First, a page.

The Universe Held a Party, and We Missed It

Article written: 9 Jan , 2008
Updated: 26 Dec , 2015

It’s too bad. Life evolved here on Earth after the Universe’s big parties already ended. Sure, there’s the occasional galaxy merger, and we’ve got a few regions of furious star formation here in the Milky Way. But billions of years ago, galaxies were banging and crashing together, leading to vast eras of star formation. In fact, in the first 25% of the Universe’s history more than half of the galaxies were in the midst of one of these cosmic collisions.

This was the research unveiled by University of Texas at Austin researcher Shardha Jogee. She and her team surveyed a region of space approximately the size of the Moon using the Hubble Space Telescope. Within this region, they found thousands of bright galaxies in the process of merging with one another.

Kyle Penner, from the University of Texas at Austin explained how they saw the mergers, “with Hubble’s spectacular resolution, we could discern amazing tell-tale clues of the mergers and interactions – huge tails, warps, ripples, double nuclei – in galaxies billions of light-years away.”

They used ground-based observatories to determine the galaxies age, and then analyzed these galaxies using the Spitzer Space Telescope to track the rate of star formation in each galaxy. Normally hidden in visible light, the stellar nurseries are revealed in Spitzer’s infrared view which can peer right through the obsuring gas and dust.

If you take two nice neat spiral galaxies and smash them together, you get a mess. The galaxies are torn apart, tidal tails of stars are flung out in all directions. The stars “forget” their original orbits and circle the central point of gravity in all directions. Two beautiful spirals become an elliptical galaxy.

They found that when the Universe was only 2.1 billion years, over 40% of massive galaxies were strongly interacting and merging. And then, over each billion-year interval, only 10% of galaxies are involved in strong interactions and mergers. During these periods, the galactic interactions collapsed vast clouds of gas, creating periods of star formation.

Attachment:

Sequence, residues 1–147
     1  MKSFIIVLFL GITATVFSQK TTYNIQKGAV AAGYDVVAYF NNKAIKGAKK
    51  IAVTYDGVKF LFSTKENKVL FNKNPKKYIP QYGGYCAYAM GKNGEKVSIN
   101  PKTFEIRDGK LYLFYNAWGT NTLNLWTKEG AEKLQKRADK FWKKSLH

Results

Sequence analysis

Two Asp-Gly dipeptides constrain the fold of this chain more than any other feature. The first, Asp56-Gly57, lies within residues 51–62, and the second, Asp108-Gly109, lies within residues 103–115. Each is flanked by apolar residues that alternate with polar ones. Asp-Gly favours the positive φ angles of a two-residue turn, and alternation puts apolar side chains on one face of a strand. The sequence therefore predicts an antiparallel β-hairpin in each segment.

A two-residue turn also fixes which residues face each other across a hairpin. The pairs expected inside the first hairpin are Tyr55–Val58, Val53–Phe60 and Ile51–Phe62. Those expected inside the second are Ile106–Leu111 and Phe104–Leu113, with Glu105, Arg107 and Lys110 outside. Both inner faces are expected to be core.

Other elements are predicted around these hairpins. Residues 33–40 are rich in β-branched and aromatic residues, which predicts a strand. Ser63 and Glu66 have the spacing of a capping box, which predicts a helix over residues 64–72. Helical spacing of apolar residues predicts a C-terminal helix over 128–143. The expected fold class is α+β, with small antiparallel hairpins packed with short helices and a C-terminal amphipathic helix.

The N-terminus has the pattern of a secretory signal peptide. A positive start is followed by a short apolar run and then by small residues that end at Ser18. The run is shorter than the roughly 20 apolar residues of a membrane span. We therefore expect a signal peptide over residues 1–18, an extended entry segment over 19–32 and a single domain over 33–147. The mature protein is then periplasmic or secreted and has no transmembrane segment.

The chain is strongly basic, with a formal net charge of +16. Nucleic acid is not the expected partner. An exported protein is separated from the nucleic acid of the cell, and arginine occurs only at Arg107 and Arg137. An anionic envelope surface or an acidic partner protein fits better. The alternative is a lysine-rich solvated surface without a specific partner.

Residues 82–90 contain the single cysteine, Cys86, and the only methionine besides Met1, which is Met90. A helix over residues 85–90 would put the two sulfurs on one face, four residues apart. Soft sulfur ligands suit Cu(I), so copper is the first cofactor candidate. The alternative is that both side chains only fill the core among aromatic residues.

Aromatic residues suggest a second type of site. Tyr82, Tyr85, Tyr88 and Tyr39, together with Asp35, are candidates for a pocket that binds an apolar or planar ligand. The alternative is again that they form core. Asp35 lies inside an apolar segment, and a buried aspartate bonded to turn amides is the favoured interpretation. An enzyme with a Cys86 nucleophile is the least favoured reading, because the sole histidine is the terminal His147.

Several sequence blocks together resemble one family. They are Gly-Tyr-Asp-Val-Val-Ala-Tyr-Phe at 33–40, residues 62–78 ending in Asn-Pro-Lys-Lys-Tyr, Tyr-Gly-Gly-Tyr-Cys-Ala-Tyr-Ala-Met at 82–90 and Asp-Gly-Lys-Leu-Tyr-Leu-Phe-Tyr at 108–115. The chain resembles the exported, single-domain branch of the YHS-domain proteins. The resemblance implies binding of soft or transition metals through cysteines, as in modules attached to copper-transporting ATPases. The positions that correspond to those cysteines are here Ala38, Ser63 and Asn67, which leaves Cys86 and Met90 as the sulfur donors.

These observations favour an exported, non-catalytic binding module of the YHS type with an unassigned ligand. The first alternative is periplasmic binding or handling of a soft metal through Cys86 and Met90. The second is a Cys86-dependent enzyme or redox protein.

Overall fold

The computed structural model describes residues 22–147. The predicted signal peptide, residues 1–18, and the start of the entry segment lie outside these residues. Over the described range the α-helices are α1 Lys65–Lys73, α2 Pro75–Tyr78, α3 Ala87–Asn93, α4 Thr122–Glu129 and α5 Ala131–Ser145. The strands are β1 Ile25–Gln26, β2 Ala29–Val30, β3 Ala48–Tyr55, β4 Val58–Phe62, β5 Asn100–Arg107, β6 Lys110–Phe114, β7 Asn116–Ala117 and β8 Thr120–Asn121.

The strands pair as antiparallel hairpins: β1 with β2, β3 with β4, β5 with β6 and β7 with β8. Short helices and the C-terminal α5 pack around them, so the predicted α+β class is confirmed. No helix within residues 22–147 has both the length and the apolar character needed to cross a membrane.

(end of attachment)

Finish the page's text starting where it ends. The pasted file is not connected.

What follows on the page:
The researchers turned up a few surprises. They found that all this galactic interaction actually only increased the rates of star formation in the host galaxies by a mere factor of 2 or 3. They also turned up a large number of “bulgeless” galaxies. These should be very rare, size a past major merger in the life of a galaxy always builds a bulge.

Just imagine what the Universe would have looked like 7 billion years ago; every where you looked galaxies would have been crashing together, spraying stars in all directions. Galaxies would have blazed with regions of active star formation.

It must have been quite the party.

Original Source: University of Texas at Austin News Release

4 Responses

  1. James Sheets says

    So I wonder if after the initial 25% of the universe’s age there is a propensity for eliiptical galaxies? And also, does the galaxy density drop off? For simplicity sake if we assume the universe is 14 billion years old is the density of galaxies over 10.5 billion light years higher than what is closer? And from ~10.5 billion light years to something much closer is there a population spike for ellipticals? Does this also imply ellipticals eventually “sort themselves out” again into spirals?

  2. RUF says

    We’re not missing anything. From what I understand, we are in the midst of a galactic merger right now.

  3. Curt says

    … Fast Forward… when does that show open?

  4. Sakib says

    Peculiar galaxies and interacting pairs tend to be really far away, which suggests that all this chaos happened a long time ago. Who knows, the Tadpole Galaxy might be more like a regular spiral galaxy at this very moment!

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